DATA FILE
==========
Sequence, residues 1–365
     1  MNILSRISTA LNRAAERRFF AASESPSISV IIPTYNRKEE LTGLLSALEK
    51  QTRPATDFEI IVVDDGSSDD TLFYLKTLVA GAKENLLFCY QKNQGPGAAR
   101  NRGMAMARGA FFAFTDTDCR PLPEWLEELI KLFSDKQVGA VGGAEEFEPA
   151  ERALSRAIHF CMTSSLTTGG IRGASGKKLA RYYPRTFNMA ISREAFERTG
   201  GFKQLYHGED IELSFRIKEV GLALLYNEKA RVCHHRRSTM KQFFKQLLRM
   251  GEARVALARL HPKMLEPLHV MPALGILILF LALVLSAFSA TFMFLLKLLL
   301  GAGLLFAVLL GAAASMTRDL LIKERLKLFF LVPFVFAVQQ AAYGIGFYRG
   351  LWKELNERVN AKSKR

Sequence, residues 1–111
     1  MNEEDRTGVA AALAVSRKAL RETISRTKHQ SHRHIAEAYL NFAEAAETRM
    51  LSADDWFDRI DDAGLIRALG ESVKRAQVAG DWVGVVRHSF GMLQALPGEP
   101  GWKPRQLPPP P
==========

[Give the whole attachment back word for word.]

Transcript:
Sequence, residues 1–365
     1  MNILSRISTA LNRAAERRFF AASESPSISV IIPTYNRKEE LTGLLSALEK
    51  QTRPATDFEI IVVDDGSSDD TLFYLKTLVA GAKENLLFCY QKNQGPGAAR
   101  NRGMAMARGA FFAFTDTDCR PLPEWLEELI KLFSDKQVGA VGGAEEFEPA
   151  ERALSRAIHF CMTSSLTTGG IRGASGKKLA RYYPRTFNMA ISREAFERTG
   201  GFKQLYHGED IELSFRIKEV GLALLYNEKA RVCHHRRSTM KQFFKQLLRM
   251  GEARVALARL HPKMLEPLHV MPALGILILF LALVLSAFSA TFMFLLKLLL
   301  GAGLLFAVLL GAAASMTRDL LIKERLKLFF LVPFVFAVQQ AAYGIGFYRG
   351  LWKELNERVN AKSKR

Sequence, residues 1–111
     1  MNEEDRTGVA AALAVSRKAL RETISRTKHQ SHRHIAEAYL NFAEAAETRM
    51  LSADDWFDRI DDAGLIRALG ESVKRAQVAG DWVGVVRHSF GMLQALPGEP
   101  GWKPRQLPPP P